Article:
27
Jul

Investors: What Have You Done For Your Startups Lately?

Over the last two weeks I’ve spent over 24 hours driving to various client meetings for one of our startups. Yes, the ratio of driving time to meeting time (6:1) is pretty high, but these were crucial meetings that were significant milestones for the startup. During these long drives I had a lot of time to think about the crazy things we investors do to help our startups.

At the same time, behind closed doors I hear a lot of entrepreneurs quietly complaining about how little hands-on help or “value add” their investors bring after closing a deal. So I thought I would put out a challenge to Angels and VCs: What Have You Done For Your Startups Lately?

If you’re wondering what more you can do, here are some suggestions:

  • Work your Rolodex – Remember all those times you bragged about your fabulous network? Besides the week after closing, when is the last time you systematically went through your contacts and opened those doors?
  • Make sales calls – Don’t just shoot off intro emails. Pick up the phone and call in favors. In the early days most sales will be through personal persuasion/coercion.
  • Have a good elevator pitch – I’ve met a lot of investors who can’t give a convincing elevator pitch for their startups. Your elevator pitch should be as good as the CEO’s.
  • Know the details – Knowing the size of the market is great for evaluating a business plan, but do you know the crucial details of the business? What specific segments are they targeting? Who are their customers or prospects? What are the features and technology. What’s the price? Knowing the details makes you a knowledgeable ambassador for your startup rather than someone who can just put someone in touch with the CEO.
  • Give feedback – Investors have a habit of dropping out of sight then giving harsh feedback at board meetings. I always tell entrepreneurs to manage upwards, i.e. manage your Board. But the same applies for investors. Be a hands-on mentor to your entrepreneurs. And don’t forget that praise is feedback too.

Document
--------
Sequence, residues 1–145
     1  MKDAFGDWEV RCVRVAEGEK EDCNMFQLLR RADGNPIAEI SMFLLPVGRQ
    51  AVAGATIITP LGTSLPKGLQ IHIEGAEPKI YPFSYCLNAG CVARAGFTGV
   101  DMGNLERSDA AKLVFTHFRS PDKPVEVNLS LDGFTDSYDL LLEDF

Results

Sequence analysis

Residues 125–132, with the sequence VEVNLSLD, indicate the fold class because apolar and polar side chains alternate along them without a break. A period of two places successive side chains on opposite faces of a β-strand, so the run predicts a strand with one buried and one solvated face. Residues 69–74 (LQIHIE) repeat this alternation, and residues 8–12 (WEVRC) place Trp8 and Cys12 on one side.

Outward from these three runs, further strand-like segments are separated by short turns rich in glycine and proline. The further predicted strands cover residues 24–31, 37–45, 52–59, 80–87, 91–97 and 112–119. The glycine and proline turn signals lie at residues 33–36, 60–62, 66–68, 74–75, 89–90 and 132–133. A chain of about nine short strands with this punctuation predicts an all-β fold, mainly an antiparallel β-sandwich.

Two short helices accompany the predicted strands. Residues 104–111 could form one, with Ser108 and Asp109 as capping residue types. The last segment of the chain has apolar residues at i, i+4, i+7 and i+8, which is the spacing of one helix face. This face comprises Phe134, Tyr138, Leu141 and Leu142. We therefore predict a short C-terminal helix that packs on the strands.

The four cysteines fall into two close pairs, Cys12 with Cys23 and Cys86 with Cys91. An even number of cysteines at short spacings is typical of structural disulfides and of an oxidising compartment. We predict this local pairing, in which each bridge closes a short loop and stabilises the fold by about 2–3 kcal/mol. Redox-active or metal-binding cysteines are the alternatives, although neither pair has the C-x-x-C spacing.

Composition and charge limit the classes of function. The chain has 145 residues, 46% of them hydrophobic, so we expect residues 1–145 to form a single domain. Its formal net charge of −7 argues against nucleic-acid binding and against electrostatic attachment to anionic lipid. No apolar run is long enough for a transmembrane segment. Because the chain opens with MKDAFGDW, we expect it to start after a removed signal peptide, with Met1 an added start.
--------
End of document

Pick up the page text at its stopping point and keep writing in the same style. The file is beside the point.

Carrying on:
• Get your hands dirty – Besides providing sagely advice from the “high level” think about giving day to day help once in awhile. You can be sure your startup needs it. If you’re financially minded (which you are because you’re an investor right?) get into Excel and help the CEO develop projections and budgets. Sit in on practice pitches and help build their next sales deck. Look over their legal documents and fire up your MacBook to test the latest deployment on Safari. Getting tactical means saving the management team precious time.

At Flow we take hands-on to the extreme because that’s our model. Not many investors are writing code, closing sales, executing marketing plans and recruiting employees. But no matter what your model is you can be sure that your startup needs you.

Comments ( 3 )
  • Mark MacLeod says:

    Great post Raymond. A clear call to action for investors. Not all have your model and it is a constant challenge to add value to your existing investments while looking for new ones – but no question, entrepreneurs always feel their investors can and should be adding more value!

  • Barry Paquet says:

    Well said. Start-ups seek “smart” money precisely for these reasons. As an entrepreneur, I’m always looking for ROI/value creation from all my resources — including investors. Although it might be implied, I’d extend this notion to board members as well. Dead wood is for camp fires.

  • John says:

    Great post. Start-ups do seek “smart” money but I believe it is the resources shared (from vcs/angels, etc) that enable them to find and make money quicker. This is where investor networks bring the most value.

    John
    ADstruc
    john@adstruc.com
    http://www.adstruc.com

    *We are an early-stage internet startup company building an online marketplace for outdoor advertising. ADstruc is looking to secure seed funding to channel into marketing and operations.

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